Vienna’s Life Ball, fixture of fight against AIDS, to close

The opening ceremony of the 22nd Life Ball in Vienna May 31, 2014. — AFP pic
The opening ceremony of the 22nd Life Ball in Vienna May 31, 2014. — AFP pic

AUSTRIA, May 10 — One of the world’s biggest AIDS charity events, Vienna’s Life Ball, will be held for the last time in June, the organiser said today.

Gery Keszler said the progress achieved in fighting AIDS over the 26 years since the ball’s inception meant it had become harder to raise the funds to hold the event.

“AIDS has gone from being a death sentence to being a chronic condition. Because of this success we have the paradoxical situation that there are ever fewer people — both nationally and globally — who will support anti-AIDS projects,” Keszler told the Austrian APA news agency.

Launched by former make-up artist Keszler among others and hosted in the prestigious surroundings of Vienna’s Town Hall, the ball has raised around €30 million (RM125 million) for anti-AIDS causes within Austria and abroad, according to organisers.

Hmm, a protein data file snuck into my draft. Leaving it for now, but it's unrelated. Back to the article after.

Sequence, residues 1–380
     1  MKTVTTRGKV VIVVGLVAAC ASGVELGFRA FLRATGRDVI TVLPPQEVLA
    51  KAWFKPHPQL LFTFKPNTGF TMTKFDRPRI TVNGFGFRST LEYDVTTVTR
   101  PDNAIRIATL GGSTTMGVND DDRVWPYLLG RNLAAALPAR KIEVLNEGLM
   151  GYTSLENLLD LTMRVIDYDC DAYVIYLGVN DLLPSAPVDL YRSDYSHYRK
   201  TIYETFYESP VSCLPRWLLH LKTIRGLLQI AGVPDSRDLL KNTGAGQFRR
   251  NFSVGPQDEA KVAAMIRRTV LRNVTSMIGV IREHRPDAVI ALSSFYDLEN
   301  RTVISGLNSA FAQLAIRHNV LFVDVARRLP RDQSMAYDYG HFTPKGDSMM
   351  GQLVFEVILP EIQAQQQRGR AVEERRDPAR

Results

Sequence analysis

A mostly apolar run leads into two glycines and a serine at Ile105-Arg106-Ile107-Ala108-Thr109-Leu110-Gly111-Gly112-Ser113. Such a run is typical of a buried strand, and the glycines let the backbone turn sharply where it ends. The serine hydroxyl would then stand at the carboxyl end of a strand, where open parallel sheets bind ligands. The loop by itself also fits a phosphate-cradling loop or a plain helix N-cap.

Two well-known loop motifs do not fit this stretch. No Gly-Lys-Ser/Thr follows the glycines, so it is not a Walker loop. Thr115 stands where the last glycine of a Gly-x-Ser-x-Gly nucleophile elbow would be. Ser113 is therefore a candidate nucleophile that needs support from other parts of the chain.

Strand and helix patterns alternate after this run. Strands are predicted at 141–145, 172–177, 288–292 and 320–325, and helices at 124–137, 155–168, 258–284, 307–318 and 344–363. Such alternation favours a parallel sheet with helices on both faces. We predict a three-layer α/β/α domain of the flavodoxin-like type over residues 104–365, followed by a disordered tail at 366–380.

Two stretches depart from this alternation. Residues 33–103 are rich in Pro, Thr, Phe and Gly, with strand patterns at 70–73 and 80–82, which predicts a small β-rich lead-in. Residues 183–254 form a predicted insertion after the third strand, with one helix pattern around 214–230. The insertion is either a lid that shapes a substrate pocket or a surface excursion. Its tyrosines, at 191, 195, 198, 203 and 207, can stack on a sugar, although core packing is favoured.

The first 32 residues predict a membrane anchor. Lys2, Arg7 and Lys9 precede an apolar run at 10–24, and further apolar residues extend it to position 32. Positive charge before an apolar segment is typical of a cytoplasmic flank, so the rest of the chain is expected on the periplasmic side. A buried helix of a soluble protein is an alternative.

Rooted firmly in activism among Vienna’s LGBT community, the ball grew into a major draw for celebrities, also attracting up to 45,000 spectators a year.

The event often grabbed headlines for the lavish costumes worn by famous guests — 2015’s “Holy Spring” theme saw the red carpet teem with paradise birds, angels and Amazonian beauties.

Attendees have run the gamut from the world of politics — such as former US president Bill Clinton — to fashion stalwarts like Vivienne Westwood, Jean-Paul Gaultier and Naomi Campbell.

Actors, such as Charlize Theron, Sharon Stone, Sean Penn and Antonio Banderas, have also graced the event alongside music stars, such as Elton John and Austria’s own Conchita Wurst.

However, the amount of money raised has progressively fallen — reaching just €1.3 million in 2018 — making it more difficult to justify the resources needed to organise the event.

The 26th and final edition of the ball is set for June 8, with American actress Katie Holmes among those attending.

Holmes is an ambassador for the AmfAR anti-AIDS foundation. Extra tickets will be on sale to cater to an expected rise in demand for the last ball, Keszler said.

“We have had unbelievable, fantastic and intense years,” Keszler said, reflecting on the event’s history.

“We have achieved more than we ever would have dreamed of. I am so eternally grateful,” he said, adding: “It’s now time to bring this project to a good end.”

He said that the Life+ association, which is responsible for putting the ball on, would continue to combat anti-AIDS stigma and discrimination. — AFP

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